Trust in trade: Challenges to the global convergence on digital standards
Published 28 March 2023
The trade costs of recent global supply chain disruptions are compounded by the persistence of arcane, paper-based trade documentation and lack of interoperability among them. But the adoption of digital standards over the past two decades in the trade community is slow at best, as corporations face uncertainty and a lack of adequate policy support.
Imagine if every train trip in Europe required a transfer at national borders because of the different widths of national railway gauges. Imagine the wait times at airport immigration if every airline passenger’s passport was of different size and shape and contained different credentials. Or if each country had a separate set of standards in designing computer ports. These types of challenges are exceedingly rare today because of standards developed during the past two centuries, which have enabled the global exchange of goods, people, and information. However, standardization remains slow in one key area of international trade: the digitization of documents.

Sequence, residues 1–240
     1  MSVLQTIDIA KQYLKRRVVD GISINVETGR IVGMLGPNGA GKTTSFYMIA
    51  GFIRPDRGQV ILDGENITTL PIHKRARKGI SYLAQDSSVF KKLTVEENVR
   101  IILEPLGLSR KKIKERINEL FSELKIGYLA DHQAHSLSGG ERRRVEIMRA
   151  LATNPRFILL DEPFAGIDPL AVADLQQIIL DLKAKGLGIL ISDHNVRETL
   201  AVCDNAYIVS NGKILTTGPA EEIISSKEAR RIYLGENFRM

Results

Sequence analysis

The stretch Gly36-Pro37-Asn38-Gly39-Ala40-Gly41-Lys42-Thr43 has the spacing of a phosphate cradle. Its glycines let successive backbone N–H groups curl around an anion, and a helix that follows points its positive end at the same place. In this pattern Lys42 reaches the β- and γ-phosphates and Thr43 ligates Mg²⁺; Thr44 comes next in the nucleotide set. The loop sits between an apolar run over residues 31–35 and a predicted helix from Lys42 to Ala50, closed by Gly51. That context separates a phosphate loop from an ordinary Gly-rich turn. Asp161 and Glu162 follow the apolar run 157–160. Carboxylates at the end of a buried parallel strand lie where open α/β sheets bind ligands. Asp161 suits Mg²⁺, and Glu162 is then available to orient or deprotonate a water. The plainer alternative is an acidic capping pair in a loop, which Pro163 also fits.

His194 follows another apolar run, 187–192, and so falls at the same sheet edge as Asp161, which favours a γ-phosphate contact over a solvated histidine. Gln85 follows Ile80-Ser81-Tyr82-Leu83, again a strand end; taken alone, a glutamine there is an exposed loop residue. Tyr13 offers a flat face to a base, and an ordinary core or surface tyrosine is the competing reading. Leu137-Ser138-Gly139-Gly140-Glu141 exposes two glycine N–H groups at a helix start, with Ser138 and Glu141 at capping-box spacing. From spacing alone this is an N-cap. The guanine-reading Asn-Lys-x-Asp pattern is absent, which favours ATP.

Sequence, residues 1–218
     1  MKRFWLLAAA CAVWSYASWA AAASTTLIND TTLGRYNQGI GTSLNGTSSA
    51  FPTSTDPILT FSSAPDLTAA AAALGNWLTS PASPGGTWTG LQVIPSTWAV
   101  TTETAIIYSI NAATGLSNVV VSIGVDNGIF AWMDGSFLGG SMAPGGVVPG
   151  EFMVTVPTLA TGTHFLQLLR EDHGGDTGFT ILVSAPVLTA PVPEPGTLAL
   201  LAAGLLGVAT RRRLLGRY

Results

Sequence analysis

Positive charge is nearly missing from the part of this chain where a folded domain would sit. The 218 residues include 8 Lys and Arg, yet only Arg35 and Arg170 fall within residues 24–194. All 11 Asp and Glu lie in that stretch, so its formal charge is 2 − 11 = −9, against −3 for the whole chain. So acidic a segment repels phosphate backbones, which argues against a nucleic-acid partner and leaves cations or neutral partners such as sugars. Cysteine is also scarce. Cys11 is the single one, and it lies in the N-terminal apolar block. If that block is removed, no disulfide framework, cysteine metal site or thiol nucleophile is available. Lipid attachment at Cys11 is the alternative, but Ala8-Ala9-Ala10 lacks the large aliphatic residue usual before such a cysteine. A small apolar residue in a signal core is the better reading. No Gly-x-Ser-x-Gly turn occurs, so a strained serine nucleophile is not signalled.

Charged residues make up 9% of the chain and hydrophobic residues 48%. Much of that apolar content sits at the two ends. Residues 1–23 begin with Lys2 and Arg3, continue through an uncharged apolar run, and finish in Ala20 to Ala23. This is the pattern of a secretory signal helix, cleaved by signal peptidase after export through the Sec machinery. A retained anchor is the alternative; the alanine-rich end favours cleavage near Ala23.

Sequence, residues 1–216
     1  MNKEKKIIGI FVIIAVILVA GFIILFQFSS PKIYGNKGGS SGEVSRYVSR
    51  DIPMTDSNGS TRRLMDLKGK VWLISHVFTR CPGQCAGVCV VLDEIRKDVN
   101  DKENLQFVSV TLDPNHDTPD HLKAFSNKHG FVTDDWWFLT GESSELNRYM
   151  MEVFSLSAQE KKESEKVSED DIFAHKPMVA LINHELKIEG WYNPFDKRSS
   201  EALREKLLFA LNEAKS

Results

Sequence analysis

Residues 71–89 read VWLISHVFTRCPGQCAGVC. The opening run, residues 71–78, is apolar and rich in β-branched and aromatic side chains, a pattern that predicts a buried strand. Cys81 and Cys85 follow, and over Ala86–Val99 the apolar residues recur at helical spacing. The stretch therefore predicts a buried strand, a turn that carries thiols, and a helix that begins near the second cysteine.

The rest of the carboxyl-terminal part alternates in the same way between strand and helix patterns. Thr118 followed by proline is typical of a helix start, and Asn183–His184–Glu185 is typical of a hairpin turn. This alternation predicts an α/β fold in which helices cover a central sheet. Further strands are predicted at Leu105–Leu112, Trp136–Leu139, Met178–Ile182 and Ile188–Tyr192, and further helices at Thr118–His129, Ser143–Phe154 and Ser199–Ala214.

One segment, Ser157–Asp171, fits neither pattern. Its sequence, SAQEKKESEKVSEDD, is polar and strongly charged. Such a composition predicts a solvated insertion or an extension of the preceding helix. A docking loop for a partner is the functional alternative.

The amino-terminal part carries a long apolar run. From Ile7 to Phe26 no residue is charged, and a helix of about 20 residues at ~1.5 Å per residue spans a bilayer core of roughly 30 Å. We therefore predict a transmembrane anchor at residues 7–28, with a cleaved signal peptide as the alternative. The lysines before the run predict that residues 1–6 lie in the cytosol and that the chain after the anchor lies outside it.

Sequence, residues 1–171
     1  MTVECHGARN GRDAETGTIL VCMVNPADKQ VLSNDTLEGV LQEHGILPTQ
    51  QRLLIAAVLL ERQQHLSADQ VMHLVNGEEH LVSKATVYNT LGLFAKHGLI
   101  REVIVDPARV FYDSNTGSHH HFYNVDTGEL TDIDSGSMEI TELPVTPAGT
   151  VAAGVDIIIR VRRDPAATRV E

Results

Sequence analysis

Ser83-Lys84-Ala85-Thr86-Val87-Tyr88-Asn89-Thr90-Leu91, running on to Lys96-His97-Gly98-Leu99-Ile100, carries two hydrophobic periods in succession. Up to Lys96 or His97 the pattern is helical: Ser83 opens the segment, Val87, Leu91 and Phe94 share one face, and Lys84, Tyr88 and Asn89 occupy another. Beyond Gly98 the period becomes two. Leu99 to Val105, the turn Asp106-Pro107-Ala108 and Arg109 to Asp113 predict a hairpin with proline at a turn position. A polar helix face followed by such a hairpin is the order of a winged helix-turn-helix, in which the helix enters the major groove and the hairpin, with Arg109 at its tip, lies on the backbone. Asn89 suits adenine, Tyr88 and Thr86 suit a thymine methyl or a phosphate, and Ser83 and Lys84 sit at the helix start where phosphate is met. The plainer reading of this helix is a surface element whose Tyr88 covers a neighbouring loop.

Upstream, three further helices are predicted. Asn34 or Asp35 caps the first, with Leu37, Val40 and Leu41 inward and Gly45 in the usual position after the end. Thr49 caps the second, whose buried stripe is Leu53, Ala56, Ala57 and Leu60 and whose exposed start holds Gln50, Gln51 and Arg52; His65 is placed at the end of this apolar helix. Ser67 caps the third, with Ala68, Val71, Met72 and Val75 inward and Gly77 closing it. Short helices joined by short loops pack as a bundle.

This paper by Kati Suominen, Research Fellow of the Hinrich Foundation and Founder and CEO of Nextrade Group, highlights the imperative of digitizing trade documentation for cutting costs, improving consumer welfare, and lowering barriers to market entry. Supported by scores of case studies, the brief begins with an overview of the pain points in traditional paper-based trade before moving on to discuss the benefits of standardizing and digitizing trade paperwork. Suominen also examines the state of play on standards and their adoption in various jurisdictions, as well as the challenges and opportunities policymakers face.
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